When the old gentleman died, Donald succeeded him as Laird, though not without opposition which, however, he was able to overcome in the fashion of the times, by the sturdy use of the Highland claymore.


Donald seecins to have left two sons and Finla or Finlay the elder of the two on the death of his father succeeded the latter as lain! of Invereauld and became the founder of the clan Farquharson, being known as "Finla Mor (or Finla the great).

Finla's ownership and chieftainship were contested in the manner common to the times by the laird o' Rothimurcus, who, as a relative of the former laird Stewart, regarded his own right as superior to that of the Farquharsons whom he regarded as usurpers. Finla was, however, a man of ability as well as of supreme courage and bravery, and at the head of his retainers met the enemy on his own estate and cattle off victorious. That victory is commemorated by the name then given to the estate, and by which it still is known, "Invercauld" meaning in Gaelic "The mouth of the burn of defeat."

Following this, came further troubles. A number of small proprietors in the glen of Aberairder, being jealous of Finla and his success, made many attempts to dispossess him by force of arms. While thus menaced, Finla obtained from the Earl of Mar the appointment to the high office of Bailie of Strath-Dee which made him president of a Court of Regality. Each of these Courts within its own territorial limits exercised jurisdiction equal to that of the Court of Session which is the highest Court in the Kingdom of Scotland. Each of these therefore, in the language of the time, was invested with ''power of Pit and gallowsó"That is imprisonment and death. associated with the President, it is true, were fifteen assessors or jurors, but from these, humble "tacksmen" as they were, little independence could be expected, and without doubt, the President would practically have his own way, especially when it is considered that according to Scottish law, only a majority vote is required for either acquittal or condemnation. It is interesting to note that these hereditary jurisdctions were not abolished until the year 1748 when the sum of fifty-two thousand pounds was paid to the Baron, as compensation for the surrender of their so-called rights.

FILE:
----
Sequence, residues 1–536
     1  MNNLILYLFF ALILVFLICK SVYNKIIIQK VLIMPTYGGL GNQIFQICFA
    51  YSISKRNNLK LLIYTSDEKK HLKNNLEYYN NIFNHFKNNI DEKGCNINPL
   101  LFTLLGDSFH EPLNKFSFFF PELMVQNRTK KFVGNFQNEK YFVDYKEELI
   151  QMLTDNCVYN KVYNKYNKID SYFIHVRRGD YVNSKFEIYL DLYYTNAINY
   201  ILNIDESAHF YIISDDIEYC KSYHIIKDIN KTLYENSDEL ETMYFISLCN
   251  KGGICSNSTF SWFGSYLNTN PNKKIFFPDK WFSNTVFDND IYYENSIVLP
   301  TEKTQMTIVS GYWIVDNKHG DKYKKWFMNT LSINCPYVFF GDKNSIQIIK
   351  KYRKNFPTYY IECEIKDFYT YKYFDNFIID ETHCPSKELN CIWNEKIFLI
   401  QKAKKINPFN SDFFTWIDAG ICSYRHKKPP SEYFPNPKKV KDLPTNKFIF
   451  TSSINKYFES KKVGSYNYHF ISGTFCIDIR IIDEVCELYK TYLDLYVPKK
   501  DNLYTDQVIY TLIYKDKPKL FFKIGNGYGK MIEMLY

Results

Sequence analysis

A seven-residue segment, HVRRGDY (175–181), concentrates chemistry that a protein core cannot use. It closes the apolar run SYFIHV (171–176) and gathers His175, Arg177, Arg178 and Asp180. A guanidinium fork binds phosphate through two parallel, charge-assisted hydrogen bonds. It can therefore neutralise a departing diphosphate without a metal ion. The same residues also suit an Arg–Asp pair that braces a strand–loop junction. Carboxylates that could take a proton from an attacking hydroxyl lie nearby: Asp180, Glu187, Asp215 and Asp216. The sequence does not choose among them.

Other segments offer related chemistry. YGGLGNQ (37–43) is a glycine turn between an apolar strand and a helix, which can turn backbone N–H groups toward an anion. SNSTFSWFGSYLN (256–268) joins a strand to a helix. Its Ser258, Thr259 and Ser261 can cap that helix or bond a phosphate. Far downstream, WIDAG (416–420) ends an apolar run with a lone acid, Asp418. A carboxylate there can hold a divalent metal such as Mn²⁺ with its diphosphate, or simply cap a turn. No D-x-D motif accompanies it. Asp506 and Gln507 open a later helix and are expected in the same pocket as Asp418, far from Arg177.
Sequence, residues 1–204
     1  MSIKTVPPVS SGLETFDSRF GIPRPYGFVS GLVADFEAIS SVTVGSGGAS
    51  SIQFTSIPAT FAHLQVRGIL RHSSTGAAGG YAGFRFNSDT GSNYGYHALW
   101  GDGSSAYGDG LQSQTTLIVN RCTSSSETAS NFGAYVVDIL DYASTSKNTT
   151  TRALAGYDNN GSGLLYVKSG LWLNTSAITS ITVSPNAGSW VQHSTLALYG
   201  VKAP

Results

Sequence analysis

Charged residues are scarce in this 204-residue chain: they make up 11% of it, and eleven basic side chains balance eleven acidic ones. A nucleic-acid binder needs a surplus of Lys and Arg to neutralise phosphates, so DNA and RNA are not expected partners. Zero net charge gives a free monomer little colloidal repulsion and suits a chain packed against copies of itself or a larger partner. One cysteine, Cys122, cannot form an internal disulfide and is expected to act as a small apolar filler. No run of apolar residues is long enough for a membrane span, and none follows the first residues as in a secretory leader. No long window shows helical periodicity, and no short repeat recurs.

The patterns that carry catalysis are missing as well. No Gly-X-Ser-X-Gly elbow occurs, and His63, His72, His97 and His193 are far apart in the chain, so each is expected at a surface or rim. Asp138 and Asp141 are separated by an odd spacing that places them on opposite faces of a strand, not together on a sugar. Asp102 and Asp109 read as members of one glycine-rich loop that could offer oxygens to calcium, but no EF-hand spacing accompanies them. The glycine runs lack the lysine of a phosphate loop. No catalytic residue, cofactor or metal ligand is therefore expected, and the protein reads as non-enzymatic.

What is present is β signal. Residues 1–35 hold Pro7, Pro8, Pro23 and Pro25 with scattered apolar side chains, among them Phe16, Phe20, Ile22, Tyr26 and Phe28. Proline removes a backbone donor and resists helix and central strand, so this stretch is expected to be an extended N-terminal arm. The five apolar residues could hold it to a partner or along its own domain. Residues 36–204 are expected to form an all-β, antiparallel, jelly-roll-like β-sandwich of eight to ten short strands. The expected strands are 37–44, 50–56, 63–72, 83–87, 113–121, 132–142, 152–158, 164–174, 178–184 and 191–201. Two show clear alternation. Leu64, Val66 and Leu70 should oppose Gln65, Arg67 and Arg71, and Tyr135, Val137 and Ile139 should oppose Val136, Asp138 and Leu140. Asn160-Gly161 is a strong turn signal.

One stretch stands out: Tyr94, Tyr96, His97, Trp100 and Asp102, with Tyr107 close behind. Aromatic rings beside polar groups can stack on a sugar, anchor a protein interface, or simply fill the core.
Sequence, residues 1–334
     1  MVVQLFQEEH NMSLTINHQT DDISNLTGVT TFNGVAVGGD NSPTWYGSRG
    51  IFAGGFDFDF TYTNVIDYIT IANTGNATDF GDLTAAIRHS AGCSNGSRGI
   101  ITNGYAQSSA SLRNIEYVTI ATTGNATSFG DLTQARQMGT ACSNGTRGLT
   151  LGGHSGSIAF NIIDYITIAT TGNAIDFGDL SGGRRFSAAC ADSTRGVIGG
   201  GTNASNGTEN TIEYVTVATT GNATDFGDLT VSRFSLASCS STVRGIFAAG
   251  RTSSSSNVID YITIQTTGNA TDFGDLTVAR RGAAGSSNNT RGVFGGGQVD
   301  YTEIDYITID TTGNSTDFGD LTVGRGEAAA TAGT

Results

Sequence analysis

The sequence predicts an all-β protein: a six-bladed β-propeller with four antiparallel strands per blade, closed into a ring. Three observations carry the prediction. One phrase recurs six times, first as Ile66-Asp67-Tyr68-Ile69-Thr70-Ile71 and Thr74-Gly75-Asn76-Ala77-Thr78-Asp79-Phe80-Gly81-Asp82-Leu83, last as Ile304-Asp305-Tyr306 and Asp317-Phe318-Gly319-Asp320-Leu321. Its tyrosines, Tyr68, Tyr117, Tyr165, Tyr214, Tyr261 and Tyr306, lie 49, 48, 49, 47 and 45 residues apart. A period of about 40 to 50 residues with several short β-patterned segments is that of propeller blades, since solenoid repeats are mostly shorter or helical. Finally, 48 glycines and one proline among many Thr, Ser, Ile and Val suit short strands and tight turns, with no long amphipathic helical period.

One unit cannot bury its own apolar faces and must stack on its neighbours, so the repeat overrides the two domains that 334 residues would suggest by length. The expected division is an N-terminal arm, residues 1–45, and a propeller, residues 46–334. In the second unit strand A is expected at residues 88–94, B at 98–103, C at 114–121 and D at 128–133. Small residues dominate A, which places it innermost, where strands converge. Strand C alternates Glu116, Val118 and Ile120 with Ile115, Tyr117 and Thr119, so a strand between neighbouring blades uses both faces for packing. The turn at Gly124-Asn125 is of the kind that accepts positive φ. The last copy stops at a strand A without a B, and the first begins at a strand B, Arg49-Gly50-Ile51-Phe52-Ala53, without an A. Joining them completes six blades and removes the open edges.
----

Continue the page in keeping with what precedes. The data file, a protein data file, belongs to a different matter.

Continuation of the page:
Soon, in the interests of justice it may have been, but certainly not without reference to his own personal advantage. Finla summoned his opponents to appear before the Court of which he himself was President. What the charges were, or how the citation was framed, I have not learned. The men do not appear to have been arrested as prisoners, for they appeared voluntarily, nineteen in number.

The Court was held in a large barn constructed of wicker work, partitioned off into two compartments of unequal size. The nineteen suspects were assembled in the larger area where probably the Court had been formally opened. Wherever opened, the trial, if such it may be called, was held in the smaller compartment, and each suspect was tried separately there, while those awaiting trial were detained in the larger room. Eighteen of the accused responded to the summons to appear in the inner room, but the nineteenth, noticing that none of his fellows were returning, became suspicious that the atmosphere of the Courtroom was not healthy and made his escape. The others being found guilty on the evidence submitted, were each successively hanged as soon as sentence was pronounced.

For this action Finla was brought before a court of competent jurisdiction in the city of Aberdeen. The charge was not, however, that innocent men had been hanged, but that Finla had been guilty of trying and having them executed in private. His defence was that in the building in which the proceedings had all taken place, there were as many windows as there are days in the year and that every thing had therefore been conducted publicly and in proper and legal manner. This explanation was accepted by the Court, while from his superior, the Earl of Mar, he received commendation and valuable reward for the vigorous manner in which he had performed his duty. This put an end to all troubles as to possession of his estate.

It would not be fair to our ancestor to mention only this one incident, which, to our modern ears seems rather doubtful, to say the least, notwithstanding great provocation, without giving others which would seem to show him in a better light.